Ernest Hemingway shot himself. F. Scott Fitzgerald was depressed. William Faulkner was an alcoholic. Actually, all three were alcoholics. Gustave Flaubert’s personal life was a bit ‘out there’.

******

I’ve been lurking behind the scenes and observing writers lately.

Writers seem to be plagued by insecurities, much like great authors were.

Writers want to be known. They want their writing to be read and heard. They want to know their writing matters to others and is making a difference in someone’s life.

Personally, I don’t get many comments or traffic on my blog. Nor do I have a large following, audience or platform.

I have had to come to terms that it may always stay this way.

Occasionally, I’ll get a reader who tells me they enjoy my posts and likes my writing. But, not very many.

Truthfully, the more I write and share what God puts on my heart, the less people seem to like it and thus, I get less traffic.

Which is why I had to ask myself the following questions:

1) Am I writing for God, myself or others?

2) Why do I write in the first place?

3) Will I continue to write even if no one reads it and/or my audience never grows?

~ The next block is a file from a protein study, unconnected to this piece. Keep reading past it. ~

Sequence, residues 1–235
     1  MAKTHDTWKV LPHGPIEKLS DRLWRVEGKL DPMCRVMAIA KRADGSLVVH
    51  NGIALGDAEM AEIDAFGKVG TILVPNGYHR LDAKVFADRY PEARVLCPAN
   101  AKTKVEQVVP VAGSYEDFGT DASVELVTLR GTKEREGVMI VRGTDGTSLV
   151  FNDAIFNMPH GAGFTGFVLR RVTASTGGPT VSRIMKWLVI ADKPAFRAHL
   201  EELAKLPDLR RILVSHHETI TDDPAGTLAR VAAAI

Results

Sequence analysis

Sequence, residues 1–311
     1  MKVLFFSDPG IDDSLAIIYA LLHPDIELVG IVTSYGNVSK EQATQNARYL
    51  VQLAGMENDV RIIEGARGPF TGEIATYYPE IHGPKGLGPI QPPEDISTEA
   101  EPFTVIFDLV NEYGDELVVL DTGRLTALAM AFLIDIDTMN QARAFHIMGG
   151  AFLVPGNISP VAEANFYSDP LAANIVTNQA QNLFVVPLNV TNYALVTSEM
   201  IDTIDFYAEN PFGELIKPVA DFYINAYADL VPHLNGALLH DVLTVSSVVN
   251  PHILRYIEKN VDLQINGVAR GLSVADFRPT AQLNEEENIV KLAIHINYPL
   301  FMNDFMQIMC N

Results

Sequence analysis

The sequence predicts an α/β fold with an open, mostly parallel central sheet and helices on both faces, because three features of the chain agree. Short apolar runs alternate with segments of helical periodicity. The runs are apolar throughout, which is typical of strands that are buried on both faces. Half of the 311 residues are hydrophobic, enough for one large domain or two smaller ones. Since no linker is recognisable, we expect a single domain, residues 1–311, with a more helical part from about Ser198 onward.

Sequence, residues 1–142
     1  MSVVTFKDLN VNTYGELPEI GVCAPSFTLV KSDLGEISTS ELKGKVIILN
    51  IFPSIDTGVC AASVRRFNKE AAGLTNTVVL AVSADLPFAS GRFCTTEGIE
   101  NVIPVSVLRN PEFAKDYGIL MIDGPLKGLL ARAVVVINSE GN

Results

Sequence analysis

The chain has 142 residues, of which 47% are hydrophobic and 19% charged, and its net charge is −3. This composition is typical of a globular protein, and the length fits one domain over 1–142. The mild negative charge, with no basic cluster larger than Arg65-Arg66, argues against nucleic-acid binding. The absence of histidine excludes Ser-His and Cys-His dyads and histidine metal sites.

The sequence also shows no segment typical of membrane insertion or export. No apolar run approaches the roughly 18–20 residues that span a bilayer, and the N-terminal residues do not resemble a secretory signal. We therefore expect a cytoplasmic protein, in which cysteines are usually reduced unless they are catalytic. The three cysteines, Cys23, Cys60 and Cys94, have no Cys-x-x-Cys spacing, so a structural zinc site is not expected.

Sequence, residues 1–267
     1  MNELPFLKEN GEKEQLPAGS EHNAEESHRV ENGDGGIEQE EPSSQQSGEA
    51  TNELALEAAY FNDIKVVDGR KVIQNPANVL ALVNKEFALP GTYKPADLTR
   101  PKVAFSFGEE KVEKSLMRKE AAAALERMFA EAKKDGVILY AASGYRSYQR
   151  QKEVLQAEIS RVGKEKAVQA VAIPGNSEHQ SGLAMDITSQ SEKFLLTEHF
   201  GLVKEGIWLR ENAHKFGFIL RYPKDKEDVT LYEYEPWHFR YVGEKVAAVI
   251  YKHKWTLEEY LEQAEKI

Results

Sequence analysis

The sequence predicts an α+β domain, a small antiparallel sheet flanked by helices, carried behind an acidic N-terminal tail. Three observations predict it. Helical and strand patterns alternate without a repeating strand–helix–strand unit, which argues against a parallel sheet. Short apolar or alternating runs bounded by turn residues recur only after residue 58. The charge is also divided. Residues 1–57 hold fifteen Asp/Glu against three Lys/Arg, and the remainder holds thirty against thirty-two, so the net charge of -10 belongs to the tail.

My answers:

1) I write for God and myself.

2) I write because I love to write. I love words. I love the artistic expression and creative process. I love reading books and writing.

3) Now this one was a hard one to answer, because as I mentioned above, all writers want to be heard and appreciated. But I’ve come to the conclusion, that I do not want my writing to be about someone else liking or accepting it. I want God’s approval. I want to write what I’m passionate about whether anyone else agrees with it or likes it or not. Other people liking my writing is just the icing on the cake.

I’ve discovered that to continue writing, the ‘why’ has to be bigger than the ‘obstacle’.

If your why isn’t bigger than your obstacle, then you won’t keep at it.

If you are only writing for man’s applause or recognition, you will eventually be disappointed and give up.

Writing for others is the wrong focus and motivation.

Writers have to be comfortable and content  for art’s sake.

Even if no one reads your writing, you should still want to write anyway.

Writing should never be about other people, but about God and you.

This is the reason why I write.

Now it’s your turn, why do you write?